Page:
But the student technology council should discuss and formally advise university leadership on how technology can be used responsibly and meaningfully. In particular, the council’s input should be mandatory regarding the potential procurement of technologies that directly or indirectly affect students. These can include AI systems that predict student success, analyse student engagement or interact with students in the context of health and wellness, such as chatbots.

Council members should distil input from the broader student body while engaging in research on the functionalities and potential benefits and risks of any given technology. That includes liaising with university decision-makers who work directly with the technology, from educators to administrators and librarians. Drawing all this together, the council should then publish a well-reasoned recommendation.

The university leadership should formally acknowledge these recommendations and, where appropriate, pass them on to the right stakeholder group (whether that is educators, student services teams, admissions or other entities) and mandate that they be considered in decision-making. Whenever procurement and implementation decisions are not aligned with the recommendations, the responsible entity should explain why.

As well as providing students with important lessons in technology policy and governance, student technology councils would help to create a more inclusive and responsive environment that rapidly and equitably adapts to the evolving technological landscape in ways that align with the values and goals of higher education institutions. This is the kind of equitable and participatory AI use that President Biden envisions in his executive order.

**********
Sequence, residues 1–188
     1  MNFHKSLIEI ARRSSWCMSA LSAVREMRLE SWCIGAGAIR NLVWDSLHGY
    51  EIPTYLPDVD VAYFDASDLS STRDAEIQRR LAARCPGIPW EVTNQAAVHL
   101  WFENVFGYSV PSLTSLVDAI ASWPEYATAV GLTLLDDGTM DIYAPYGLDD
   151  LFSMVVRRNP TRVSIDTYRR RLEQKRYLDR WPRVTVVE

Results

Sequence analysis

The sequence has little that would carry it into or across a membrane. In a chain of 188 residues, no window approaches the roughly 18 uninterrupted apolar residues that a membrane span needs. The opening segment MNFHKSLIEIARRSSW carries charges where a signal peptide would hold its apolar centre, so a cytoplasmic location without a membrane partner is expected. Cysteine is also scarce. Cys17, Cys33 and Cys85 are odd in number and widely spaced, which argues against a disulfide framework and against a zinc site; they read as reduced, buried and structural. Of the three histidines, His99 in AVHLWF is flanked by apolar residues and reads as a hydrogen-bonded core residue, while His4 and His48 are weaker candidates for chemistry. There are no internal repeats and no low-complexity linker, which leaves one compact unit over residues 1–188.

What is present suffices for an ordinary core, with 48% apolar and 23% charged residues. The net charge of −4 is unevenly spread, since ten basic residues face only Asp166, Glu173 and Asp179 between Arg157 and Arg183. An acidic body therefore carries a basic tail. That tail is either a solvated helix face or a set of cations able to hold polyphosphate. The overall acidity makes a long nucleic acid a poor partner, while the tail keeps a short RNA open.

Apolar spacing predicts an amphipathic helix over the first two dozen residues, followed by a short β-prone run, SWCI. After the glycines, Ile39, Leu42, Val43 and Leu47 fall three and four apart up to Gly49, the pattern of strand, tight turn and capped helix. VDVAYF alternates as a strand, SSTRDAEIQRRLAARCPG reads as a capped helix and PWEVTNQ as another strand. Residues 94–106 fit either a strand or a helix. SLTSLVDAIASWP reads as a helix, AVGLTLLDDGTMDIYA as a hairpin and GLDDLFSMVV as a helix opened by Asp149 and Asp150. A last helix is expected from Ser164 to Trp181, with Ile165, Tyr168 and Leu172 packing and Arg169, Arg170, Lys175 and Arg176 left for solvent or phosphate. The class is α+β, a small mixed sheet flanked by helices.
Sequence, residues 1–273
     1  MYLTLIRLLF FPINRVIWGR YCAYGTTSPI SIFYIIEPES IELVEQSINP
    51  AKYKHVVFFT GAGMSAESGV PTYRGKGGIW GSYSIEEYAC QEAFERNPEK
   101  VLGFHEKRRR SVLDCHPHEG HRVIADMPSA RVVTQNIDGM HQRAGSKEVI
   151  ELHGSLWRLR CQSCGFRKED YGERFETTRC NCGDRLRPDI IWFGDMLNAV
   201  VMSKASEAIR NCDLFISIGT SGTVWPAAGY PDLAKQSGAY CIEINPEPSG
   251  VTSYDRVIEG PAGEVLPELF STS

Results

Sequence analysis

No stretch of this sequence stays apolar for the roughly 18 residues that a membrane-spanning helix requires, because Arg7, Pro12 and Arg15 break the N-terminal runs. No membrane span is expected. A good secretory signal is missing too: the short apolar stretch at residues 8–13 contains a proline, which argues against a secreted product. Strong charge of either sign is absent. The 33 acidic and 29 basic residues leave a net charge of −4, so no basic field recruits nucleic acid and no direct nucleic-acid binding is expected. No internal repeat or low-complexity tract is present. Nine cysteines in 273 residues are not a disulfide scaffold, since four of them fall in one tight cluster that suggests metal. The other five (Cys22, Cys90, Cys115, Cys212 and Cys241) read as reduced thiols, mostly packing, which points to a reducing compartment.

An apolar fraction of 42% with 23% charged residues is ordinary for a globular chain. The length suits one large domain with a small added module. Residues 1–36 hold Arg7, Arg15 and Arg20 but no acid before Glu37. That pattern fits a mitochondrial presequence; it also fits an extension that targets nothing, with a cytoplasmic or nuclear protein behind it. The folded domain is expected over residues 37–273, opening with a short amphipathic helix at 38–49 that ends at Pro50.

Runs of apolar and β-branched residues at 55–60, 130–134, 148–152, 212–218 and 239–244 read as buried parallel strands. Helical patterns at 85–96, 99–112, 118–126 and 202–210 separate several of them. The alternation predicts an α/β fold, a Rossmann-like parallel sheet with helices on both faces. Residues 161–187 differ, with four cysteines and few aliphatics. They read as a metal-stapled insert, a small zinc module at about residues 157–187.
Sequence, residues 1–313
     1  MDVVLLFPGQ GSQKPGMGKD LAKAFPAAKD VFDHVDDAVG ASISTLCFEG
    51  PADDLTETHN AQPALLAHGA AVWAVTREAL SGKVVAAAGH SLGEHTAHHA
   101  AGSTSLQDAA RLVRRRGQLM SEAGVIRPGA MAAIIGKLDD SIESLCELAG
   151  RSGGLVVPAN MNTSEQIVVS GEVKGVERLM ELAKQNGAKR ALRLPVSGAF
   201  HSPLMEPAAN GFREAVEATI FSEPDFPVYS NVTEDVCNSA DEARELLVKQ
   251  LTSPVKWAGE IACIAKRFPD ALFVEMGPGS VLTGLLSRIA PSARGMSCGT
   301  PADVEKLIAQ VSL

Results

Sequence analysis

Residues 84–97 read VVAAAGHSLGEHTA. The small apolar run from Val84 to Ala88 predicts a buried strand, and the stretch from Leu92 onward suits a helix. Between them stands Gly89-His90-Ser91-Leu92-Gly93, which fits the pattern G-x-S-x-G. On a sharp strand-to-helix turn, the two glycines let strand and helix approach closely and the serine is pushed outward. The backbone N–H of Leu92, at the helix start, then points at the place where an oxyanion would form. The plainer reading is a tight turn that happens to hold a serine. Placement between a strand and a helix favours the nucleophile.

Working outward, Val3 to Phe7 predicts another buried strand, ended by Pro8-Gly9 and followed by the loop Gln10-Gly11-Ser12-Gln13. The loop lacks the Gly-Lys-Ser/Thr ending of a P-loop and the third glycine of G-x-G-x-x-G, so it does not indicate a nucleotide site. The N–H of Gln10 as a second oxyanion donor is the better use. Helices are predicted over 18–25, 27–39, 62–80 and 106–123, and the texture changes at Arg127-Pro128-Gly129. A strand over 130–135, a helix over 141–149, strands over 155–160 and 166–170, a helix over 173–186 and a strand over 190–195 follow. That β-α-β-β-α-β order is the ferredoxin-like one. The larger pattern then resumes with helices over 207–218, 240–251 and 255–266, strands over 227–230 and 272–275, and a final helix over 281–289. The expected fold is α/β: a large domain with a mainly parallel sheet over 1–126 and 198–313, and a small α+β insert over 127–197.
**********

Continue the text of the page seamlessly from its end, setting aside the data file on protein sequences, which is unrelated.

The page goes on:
All over the world, students have long demanded more participation in decision-making processes at universities, underlining the need for structural representation that is continuous, rather than ad-hoc or tokenised. And, in some places, student governance has a long and successful history. For example, the honour system at my own institution, the University of Virginia, asks students to make a commitment not to lie, cheat or steal. They sign a respective pledge with every work that they submit, and violations lead to expulsion. The system is enforced by a student-run committee that investigates allegations, provides counsel and works with accused students in their defence at trial – a process entirely administrated by students.

Examples like this show that student leadership is no mere pedagogical exercise. Students are willing and ready to deeply engage in the design and administration of their own learning and university experience – and technology should not be exempt from their input.

Mona Sloane is assistant professor of data science at the School of Data Science and assistant professor of media studies in the Department of Media Studies at the University of Virginia (UVA). She runs Sloane Lab, a research group on the social impact of AI.